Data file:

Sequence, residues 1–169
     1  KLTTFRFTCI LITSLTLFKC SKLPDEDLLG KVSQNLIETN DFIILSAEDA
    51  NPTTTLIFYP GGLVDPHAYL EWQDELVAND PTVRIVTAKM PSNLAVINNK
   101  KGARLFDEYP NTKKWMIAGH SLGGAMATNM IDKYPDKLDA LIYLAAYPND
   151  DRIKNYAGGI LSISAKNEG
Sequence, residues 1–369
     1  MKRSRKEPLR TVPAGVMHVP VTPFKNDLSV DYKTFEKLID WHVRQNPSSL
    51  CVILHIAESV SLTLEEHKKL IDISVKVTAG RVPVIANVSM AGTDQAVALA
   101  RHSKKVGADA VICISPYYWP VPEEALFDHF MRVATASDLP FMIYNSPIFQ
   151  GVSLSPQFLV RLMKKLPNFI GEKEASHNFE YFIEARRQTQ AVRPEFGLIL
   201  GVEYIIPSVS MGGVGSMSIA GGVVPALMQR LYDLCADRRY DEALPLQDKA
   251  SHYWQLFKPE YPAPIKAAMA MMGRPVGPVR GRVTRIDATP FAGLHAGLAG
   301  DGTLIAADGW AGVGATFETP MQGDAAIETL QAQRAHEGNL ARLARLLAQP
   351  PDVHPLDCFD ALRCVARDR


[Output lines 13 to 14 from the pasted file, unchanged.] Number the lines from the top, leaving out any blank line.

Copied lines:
   301  DGTLIAADGW AGVGATFETP MQGDAAIETL QAQRAHEGNL ARLARLLAQP
   351  PDVHPLDCFD ALRCVARDR